The effect of leading-edge geometry on wake/boundary-layer interaction was studied in a low-speed single-stage HP compressor. Both a 3:1 elliptic and circular leading-edge were tested on a Controlled Diffusion (CDA) stator-blade. Experiments were undertaken on the stator suction-surface, these included hotwire boundary-layer traverses, surface hotfilm measurements and high resolution leading-edge pressure measurements. Steady CFD predictions were also performed to aid the interpretation of the results. The two leading-edge shapes gave rise to significantly different flows. For the blade with the elliptic leading-edge (Blade A), the leading-edge boundary-layer remained attached and laminar in the absence of wakes. The wake presence led to the formation of a thickened laminar boundary-layer in which turbulent disturbances were observed to form. Measurements of the trailing-edge boundary-layer indicated that the wake/leading interaction for Blade A raised the suction-surface loss by 20%. For the blade with the circular leading-edge (Blade B) the leading-edge boundary-layer exhibited a separation bubble, which was observed to reattach laminar in the absence of wakes. The presence of the wake moved the separation position forwards whilst inducing a turbulent reattachment upstream of the time-average reattachment position. This produced a region of very high momentum thickness at the leading-edge. The suction-surface profile loss was found to be 38% higher for Blade B compared to Blade A. The total loss (suction-surface and pressure-surface) for Blade B was measured to be 32% higher than that of Blade A.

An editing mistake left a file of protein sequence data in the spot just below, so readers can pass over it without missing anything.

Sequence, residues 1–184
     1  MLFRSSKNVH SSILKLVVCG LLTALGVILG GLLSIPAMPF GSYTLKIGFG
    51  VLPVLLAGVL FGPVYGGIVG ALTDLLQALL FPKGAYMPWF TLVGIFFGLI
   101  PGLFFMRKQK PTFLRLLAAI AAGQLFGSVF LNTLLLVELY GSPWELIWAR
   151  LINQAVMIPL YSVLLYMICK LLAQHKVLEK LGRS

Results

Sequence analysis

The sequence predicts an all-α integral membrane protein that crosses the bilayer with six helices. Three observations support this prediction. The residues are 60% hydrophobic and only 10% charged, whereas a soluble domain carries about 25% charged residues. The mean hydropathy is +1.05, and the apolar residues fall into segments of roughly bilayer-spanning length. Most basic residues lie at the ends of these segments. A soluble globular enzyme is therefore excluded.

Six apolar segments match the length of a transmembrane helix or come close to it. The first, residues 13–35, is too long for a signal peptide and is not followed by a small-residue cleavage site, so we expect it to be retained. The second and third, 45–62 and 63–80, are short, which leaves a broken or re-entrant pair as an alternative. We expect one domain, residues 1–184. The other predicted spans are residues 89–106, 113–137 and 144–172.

This content is only available via PDF.
You do not currently have access to this content.